Pros and Cons of Hardwood Flooring

A well-maintained hardwood floor offers a timeless beauty to a home that is hard to replicate with other products, whether natural stones and ceramics or manufactured laminates or luxury vinyl planks.  In fact, wooden floors were a standard in homes for years.  However, while they can be gorgeous, they do have some downsides.  When considering whether hardwood flooring is the right choice for your project, it is important to look at the pros and cons of hardwood flooring. 


Timeless.  Not only have hardwoods remained in-style for centuries, but a well-maintained wood floor can actually last that long, as well.  

Increase the resale value of your home.  When you are buying or selling a home, flooring is expected.  Worn or damaged flooring can decrease your resale value, but even new installs of most other flooring materials do not increase your resale value above comparables in your area, but hardwood floors can. 

Natural beauty.  Hardwood floors offer variety, with every plank showing natural variation, which simply cannot be replicated in even the highest-quality synthetics. 

Easy to clean.  Hardwood floors can generally be maintained by vacuuming, dry-mopping, and mopping.  With the right sealants, they can be water-resistant enough to use cleaners that are safe for wood-floors, which also tend to make them stain-resistant.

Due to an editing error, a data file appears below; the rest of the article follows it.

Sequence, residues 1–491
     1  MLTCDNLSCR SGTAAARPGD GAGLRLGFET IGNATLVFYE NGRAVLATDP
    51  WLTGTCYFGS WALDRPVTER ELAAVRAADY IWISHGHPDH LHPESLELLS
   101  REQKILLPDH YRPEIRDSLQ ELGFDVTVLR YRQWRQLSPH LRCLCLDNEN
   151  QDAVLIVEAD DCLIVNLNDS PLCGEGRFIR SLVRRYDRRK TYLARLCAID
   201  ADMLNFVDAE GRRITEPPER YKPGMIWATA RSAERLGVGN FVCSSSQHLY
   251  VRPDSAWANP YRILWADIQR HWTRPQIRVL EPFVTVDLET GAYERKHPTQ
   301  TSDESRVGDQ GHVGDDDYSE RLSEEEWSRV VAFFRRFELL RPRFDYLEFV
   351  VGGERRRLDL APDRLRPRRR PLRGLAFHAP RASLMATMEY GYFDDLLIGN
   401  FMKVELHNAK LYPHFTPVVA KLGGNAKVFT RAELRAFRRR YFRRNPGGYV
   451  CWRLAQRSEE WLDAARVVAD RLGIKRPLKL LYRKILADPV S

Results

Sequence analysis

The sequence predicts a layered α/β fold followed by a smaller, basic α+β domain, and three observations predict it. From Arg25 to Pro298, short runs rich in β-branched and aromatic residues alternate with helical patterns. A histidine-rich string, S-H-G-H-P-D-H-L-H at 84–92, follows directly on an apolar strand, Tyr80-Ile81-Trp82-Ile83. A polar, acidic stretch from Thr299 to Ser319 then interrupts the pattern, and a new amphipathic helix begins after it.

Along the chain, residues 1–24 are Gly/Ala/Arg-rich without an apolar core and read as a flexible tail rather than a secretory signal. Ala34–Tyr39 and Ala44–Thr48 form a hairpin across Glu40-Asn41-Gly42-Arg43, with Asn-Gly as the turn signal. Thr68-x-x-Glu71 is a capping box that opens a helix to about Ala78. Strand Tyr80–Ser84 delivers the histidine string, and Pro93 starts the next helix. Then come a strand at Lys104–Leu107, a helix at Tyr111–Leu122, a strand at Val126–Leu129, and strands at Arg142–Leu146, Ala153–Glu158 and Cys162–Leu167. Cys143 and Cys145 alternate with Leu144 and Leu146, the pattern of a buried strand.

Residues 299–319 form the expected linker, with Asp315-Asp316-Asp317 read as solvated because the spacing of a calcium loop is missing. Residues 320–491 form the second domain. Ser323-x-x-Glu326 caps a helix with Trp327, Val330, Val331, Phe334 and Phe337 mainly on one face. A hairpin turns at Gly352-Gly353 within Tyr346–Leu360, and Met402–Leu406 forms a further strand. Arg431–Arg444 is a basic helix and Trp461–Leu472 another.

Change the look of the floor without replacing it.  By refinishing and re-staining a wood floor, you can change the entire appearance of the floor without the expense of a replacement.  

Great acoustics.  Wood flooring is great for acoustics, which can be great if you are a music lover.  It prevents the types of vibrations you can get from other types of flooring or the dampening you get from a carpeted surface. 

Environmentally friendly.  Wood flooring is the original organic flooring option and many of today’s modern hardwood flooring options are harvested in an environmentally sustainable way that actually promotes good forestry practices.  


Weather responsive.  Hardwood floors expand and contract with changes in temperature and humidity, which can lead to swelling and make them a poor choice in some environments.

Expensive.  Even affordable wood flooring is usually more expensive than most other flooring options.  While they do not need to be replaced as often as other types of flooring, this upfront expense can be daunting.  

Vulnerable to water damage.  One of the biggest drawbacks of a hardwood floor is that it is vulnerable to water damage.  A leaky toilet, dishwasher, washing machine, or water heater can lead to significant damage to your hardwood floors, though staining and sealing may make them safe for the moisture exposure that comes with everyday use.  

Vulnerable to other damage.  Wood floors are not as resilient as other types of floors and may get dented, scratched, or stained.  However, because they can be refinished if they are damaged, unlike many other types of floors, this vulnerability does not necessarily mean a ruined floor.